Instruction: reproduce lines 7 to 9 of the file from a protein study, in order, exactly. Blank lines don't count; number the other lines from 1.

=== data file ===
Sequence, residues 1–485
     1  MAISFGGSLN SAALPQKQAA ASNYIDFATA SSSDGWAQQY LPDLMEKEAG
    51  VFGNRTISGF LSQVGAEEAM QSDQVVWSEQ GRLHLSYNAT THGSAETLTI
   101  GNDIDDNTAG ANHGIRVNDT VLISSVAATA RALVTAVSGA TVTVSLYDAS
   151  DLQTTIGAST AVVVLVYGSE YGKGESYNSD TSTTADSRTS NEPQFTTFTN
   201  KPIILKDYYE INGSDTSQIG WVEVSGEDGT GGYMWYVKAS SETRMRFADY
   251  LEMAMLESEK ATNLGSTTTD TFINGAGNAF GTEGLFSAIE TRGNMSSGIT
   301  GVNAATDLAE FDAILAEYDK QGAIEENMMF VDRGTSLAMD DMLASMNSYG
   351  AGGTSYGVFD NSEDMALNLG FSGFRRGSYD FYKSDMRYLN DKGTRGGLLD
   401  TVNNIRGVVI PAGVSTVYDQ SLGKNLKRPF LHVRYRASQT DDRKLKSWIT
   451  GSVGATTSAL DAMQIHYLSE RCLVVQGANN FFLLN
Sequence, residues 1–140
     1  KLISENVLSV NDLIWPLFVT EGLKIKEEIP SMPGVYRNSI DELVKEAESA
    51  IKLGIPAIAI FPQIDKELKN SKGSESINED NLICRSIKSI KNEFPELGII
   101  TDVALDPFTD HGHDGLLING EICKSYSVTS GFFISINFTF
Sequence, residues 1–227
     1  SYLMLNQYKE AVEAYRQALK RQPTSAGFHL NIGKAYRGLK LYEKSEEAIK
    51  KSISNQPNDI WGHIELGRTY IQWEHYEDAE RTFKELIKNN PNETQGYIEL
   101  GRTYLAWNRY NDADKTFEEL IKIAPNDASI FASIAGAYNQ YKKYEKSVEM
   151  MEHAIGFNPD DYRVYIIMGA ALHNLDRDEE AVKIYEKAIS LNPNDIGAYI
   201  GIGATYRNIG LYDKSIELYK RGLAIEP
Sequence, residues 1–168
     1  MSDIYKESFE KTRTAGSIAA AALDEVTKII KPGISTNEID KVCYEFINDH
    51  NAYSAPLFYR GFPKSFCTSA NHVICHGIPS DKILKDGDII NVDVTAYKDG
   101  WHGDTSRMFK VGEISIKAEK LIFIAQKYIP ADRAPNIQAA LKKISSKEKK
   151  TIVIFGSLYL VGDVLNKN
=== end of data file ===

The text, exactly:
   251  LEMAMLESEK ATNLGSTTTD TFINGAGNAF GTEGLFSAIE TRGNMSSGIT
   301  GVNAATDLAE FDAILAEYDK QGAIEENMMF VDRGTSLAMD DMLASMNSYG
   351  AGGTSYGVFD NSEDMALNLG FSGFRRGSYD FYKSDMRYLN DKGTRGGLLD